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How does the sun makes electricity?

When special types of silicon are hit by sunlight they generate very small amounts of electricity. It’s know as the photoelectric generation effect and means that electrons are being ejected from the surface of the solar cell in response to the sun’s light. This describes the basic principle by which a photovoltaic (PV) solar cell transfers sunlight into usable electricity.

Sunlight has a range of solar spectrum and is made up of photons. When photos hit a solar cell they can be reflected or absorbed by the cell. The absorbed photons then generate the electricity as described above in the PV cell, which at that point acts as a semiconductor. When manufacturer’s increase the efficiency of solar cells they aim to have less sunlight reflected by the cell and more of the light absorbed. This increase of efficiency by the cell, then leads to a higher efficiency of the solar panel, as nowadays a majority of solar panels contain 60 solar cells and measure about 1 meter in width and about 1,6 meter in height. So if each of the 60 cells becomes slightly more efficient the whole panel will be more efficient.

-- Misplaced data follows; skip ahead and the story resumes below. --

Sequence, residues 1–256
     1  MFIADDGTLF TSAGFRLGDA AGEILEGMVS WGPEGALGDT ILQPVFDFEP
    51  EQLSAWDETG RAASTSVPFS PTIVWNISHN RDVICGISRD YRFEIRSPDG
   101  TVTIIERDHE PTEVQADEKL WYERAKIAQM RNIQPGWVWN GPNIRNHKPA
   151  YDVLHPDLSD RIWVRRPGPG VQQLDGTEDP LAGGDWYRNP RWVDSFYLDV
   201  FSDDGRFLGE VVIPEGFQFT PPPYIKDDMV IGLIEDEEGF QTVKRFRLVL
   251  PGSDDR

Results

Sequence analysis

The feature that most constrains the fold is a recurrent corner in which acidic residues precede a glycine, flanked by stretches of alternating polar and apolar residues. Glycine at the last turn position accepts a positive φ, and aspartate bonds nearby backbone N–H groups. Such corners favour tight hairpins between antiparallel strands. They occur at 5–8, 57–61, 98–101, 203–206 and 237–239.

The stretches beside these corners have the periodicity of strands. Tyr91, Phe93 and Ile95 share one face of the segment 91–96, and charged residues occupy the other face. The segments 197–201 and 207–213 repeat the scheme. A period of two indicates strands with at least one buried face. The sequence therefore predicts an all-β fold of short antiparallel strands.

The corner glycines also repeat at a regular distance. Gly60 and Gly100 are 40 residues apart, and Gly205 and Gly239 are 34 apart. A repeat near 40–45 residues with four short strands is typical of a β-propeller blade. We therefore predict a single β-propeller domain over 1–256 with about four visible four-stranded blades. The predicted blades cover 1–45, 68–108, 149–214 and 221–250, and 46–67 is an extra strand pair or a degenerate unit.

By getting the energy from the sun the electron moves from its position in an atom of the solar cell and becomes part of the current flowing through the electric ribbons of the solar panel and start to generate DC electricity, which can get harvested through the junction box and leads at the end of a solar panel and be ready for use after having been converted from direct current power to alternate current power by a string inverter or micro inverter.